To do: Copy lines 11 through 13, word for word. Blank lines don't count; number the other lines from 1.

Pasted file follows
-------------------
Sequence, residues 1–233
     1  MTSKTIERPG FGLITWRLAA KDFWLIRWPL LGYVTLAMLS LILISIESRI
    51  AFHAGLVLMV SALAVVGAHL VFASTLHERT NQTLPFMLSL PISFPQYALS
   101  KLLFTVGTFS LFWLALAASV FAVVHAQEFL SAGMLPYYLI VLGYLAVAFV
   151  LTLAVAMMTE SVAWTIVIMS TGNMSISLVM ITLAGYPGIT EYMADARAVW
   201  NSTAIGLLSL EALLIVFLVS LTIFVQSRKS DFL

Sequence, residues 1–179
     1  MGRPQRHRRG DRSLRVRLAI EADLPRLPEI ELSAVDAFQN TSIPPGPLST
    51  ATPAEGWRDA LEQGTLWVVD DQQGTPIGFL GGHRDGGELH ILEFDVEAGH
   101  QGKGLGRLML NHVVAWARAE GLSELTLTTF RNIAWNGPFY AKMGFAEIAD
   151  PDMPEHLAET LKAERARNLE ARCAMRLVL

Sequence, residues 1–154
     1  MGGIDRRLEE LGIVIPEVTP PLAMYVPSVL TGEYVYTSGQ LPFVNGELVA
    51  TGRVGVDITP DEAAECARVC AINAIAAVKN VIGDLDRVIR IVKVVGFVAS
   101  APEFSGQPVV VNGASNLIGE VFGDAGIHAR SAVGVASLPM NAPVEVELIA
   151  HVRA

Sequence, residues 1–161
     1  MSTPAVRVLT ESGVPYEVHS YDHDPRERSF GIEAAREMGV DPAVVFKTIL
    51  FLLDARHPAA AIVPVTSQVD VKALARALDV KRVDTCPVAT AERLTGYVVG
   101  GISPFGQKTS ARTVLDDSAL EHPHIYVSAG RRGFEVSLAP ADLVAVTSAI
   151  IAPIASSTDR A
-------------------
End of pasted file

   151  PDMPEHLAET LKAERARNLE ARCAMRLVL

Sequence, residues 1–154
     1  MGGIDRRLEE LGIVIPEVTP PLAMYVPSVL TGEYVYTSGQ LPFVNGELVA